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Tuesday, February 09, 2016

The Importance of Research in Painting

'Plight of the Bumblebees'          18x24         pastel        ©Karen Margulis
I had a concept in mind. I wanted to paint a meadow and fill it with bees. But I was leaning towards an early morning sky instead of a bright blue-sky day.  I picture bees buzzing around flowers on a warm summer day so I wasn't sure if my concept would be a believable scenario. Do bees pollinate at dusk or sunrise or early morning or cloudy days? I obviously didn't know enough about bees and I didn't want to put bees into the wrong environment or conditions.

For paintings to be authentic and feel right they need to be true to real life.

Sure, we can get away with a lot when painting. After all we are the artists and can do whatever we want. But sometimes understanding the science and natural history behind a scene can  help make the painting better.

So I did a little research and asked Google if bees pollinated during overcast conditions or early morning. You learn something everyday and I learned that BUMBLEBEES do pollinate under many more conditions than honeybees. They are active at 40 degrees F and will pollinate early in the morning and later into the day as well as on cloudy, overcast , windy and even rainy days!  They are larger and carry more pollen and are more efficient than honeybees.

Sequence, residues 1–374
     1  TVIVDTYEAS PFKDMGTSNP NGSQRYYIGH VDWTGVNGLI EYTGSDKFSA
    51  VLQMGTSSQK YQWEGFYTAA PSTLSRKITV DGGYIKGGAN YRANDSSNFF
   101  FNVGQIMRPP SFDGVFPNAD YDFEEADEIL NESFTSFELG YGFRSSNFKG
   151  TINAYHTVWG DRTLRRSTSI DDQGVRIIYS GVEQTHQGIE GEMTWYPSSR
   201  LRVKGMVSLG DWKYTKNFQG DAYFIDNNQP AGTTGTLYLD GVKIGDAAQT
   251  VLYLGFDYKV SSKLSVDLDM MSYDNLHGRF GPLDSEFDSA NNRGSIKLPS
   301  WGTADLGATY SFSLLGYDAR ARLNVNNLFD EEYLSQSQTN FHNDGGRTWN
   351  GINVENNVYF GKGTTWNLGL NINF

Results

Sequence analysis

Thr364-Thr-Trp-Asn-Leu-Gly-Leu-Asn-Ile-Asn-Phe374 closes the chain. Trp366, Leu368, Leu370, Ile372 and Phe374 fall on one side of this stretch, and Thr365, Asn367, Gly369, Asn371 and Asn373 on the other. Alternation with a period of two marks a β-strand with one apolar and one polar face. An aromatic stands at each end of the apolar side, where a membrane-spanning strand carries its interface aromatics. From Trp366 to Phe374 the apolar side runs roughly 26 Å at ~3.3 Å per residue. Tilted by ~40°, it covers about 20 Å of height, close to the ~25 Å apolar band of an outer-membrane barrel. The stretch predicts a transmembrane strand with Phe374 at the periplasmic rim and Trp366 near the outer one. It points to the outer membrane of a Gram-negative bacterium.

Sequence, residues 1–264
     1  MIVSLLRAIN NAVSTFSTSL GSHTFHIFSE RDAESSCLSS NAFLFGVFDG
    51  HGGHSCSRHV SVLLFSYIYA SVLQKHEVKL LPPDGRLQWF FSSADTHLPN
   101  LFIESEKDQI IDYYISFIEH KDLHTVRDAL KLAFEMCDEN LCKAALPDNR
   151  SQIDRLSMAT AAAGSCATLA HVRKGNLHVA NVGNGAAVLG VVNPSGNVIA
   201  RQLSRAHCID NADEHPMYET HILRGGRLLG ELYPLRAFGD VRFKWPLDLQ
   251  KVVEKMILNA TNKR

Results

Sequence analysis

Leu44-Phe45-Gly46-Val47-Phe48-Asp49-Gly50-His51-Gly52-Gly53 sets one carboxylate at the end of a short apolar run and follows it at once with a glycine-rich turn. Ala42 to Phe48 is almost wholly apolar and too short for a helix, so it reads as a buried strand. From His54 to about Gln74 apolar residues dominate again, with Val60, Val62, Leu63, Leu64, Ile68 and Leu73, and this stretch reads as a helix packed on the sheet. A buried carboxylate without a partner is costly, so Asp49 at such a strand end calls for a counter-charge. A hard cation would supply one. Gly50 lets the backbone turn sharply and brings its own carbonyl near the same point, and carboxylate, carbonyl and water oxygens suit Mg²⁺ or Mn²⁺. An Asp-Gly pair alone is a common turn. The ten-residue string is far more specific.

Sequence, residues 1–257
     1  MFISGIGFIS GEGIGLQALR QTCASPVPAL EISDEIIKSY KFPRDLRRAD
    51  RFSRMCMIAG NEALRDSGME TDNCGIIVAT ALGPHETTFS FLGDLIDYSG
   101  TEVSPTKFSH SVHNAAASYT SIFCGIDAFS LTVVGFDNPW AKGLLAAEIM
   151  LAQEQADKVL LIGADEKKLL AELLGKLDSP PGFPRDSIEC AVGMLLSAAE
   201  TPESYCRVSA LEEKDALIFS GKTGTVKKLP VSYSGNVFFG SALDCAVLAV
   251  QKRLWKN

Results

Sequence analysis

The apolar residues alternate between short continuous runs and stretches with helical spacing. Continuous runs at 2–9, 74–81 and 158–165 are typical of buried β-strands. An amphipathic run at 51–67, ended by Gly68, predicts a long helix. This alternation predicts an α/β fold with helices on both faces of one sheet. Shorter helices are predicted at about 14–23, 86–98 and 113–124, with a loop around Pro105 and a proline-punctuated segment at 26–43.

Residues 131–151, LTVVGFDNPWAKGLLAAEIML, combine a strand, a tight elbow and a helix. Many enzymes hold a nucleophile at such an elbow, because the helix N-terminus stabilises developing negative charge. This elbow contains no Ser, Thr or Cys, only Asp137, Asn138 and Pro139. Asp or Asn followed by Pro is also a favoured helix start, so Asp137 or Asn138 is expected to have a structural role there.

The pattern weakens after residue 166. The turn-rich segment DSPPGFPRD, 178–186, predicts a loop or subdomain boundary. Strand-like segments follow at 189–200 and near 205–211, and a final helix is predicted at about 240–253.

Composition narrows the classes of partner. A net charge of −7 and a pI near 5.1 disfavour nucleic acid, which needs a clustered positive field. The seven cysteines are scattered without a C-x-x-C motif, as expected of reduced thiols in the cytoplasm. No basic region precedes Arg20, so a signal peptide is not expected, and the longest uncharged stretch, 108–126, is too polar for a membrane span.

It was interesting information that helped me decide that it would be just fine to put some bumblebees into my early morning meadow. 

Oil stain underpainting on Uart 500 grade paper

close-up of the bumblebees
 It was a valuable lesson. Not just in learning about the difference between bumblebees and honeybees but it reinforced the importance of really knowing the landscape. To paint the truth we must know what is true.


cberwind@aol.com said...

To paint the truth we must know what is true.

LOVE this.

Thanks Miss Karen!

robertsloan2art said...

Oh that's cool! Yes, when you create a good visual fiction the truth at the focus of the painting can give it even more charm.

tess stieben said...

My husband and I spend many more hours out in the field than we do painting in our studio, its that first hand experience that makes the painting experience real for us. We photograph all kinds of birds and wildflowers to gather reference photos and last year I began photographing bees and bugs. The interesting thing that happened was I began to "notice" how different many bees look. I've found a tiny bees, big bees, bumble bees, introduced honey bees and Native solitary bees. My eyes have been opened to the wonder of this fast buzzy world. From what I notice is that bees are busy all the time. Its the flowers themselves that change bee behaviour. Wild roses smell stronger in the morning attracting more bees and bug variety then. Certain other wildflowers scent gets stronger nearer dusk. This year I may have to jot notes on what plants attract most of the bees and at what time of day. You have inspired me, thank you.